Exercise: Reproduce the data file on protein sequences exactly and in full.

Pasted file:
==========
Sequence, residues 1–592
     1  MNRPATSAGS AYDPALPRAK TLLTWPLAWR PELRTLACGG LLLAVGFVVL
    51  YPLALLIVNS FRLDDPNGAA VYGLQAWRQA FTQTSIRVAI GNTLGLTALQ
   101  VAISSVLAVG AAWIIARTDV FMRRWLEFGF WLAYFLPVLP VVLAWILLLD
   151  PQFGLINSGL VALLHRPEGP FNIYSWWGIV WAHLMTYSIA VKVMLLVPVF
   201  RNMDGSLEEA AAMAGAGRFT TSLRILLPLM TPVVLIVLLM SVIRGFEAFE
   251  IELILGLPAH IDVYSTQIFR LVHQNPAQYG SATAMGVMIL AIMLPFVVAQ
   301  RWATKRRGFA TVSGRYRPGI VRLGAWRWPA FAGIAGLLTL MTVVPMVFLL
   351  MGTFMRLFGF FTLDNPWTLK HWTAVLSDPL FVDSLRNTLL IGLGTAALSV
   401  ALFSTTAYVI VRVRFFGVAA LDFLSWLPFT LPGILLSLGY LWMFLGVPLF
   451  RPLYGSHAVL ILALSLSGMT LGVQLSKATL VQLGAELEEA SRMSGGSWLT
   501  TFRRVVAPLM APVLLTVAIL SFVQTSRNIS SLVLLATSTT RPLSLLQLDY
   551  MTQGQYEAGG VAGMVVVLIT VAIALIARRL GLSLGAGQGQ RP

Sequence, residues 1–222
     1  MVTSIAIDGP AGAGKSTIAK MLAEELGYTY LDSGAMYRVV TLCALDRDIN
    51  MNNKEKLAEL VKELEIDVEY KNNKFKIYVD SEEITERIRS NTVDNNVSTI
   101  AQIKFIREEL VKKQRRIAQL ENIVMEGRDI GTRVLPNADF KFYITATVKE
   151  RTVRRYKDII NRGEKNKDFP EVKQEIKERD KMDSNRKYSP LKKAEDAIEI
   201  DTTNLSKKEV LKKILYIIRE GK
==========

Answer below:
Sequence, residues 1–592
     1  MNRPATSAGS AYDPALPRAK TLLTWPLAWR PELRTLACGG LLLAVGFVVL
    51  YPLALLIVNS FRLDDPNGAA VYGLQAWRQA FTQTSIRVAI GNTLGLTALQ
   101  VAISSVLAVG AAWIIARTDV FMRRWLEFGF WLAYFLPVLP VVLAWILLLD
   151  PQFGLINSGL VALLHRPEGP FNIYSWWGIV WAHLMTYSIA VKVMLLVPVF
   201  RNMDGSLEEA AAMAGAGRFT TSLRILLPLM TPVVLIVLLM SVIRGFEAFE
   251  IELILGLPAH IDVYSTQIFR LVHQNPAQYG SATAMGVMIL AIMLPFVVAQ
   301  RWATKRRGFA TVSGRYRPGI VRLGAWRWPA FAGIAGLLTL MTVVPMVFLL
   351  MGTFMRLFGF FTLDNPWTLK HWTAVLSDPL FVDSLRNTLL IGLGTAALSV
   401  ALFSTTAYVI VRVRFFGVAA LDFLSWLPFT LPGILLSLGY LWMFLGVPLF
   451  RPLYGSHAVL ILALSLSGMT LGVQLSKATL VQLGAELEEA SRMSGGSWLT
   501  TFRRVVAPLM APVLLTVAIL SFVQTSRNIS SLVLLATSTT RPLSLLQLDY
   551  MTQGQYEAGG VAGMVVVLIT VAIALIARRL GLSLGAGQGQ RP

Sequence, residues 1–222
     1  MVTSIAIDGP AGAGKSTIAK MLAEELGYTY LDSGAMYRVV TLCALDRDIN
    51  MNNKEKLAEL VKELEIDVEY KNNKFKIYVD SEEITERIRS NTVDNNVSTI
   101  AQIKFIREEL VKKQRRIAQL ENIVMEGRDI GTRVLPNADF KFYITATVKE
   151  RTVRRYKDII NRGEKNKDFP EVKQEIKERD KMDSNRKYSP LKKAEDAIEI
   201  DTTNLSKKEV LKKILYIIRE GK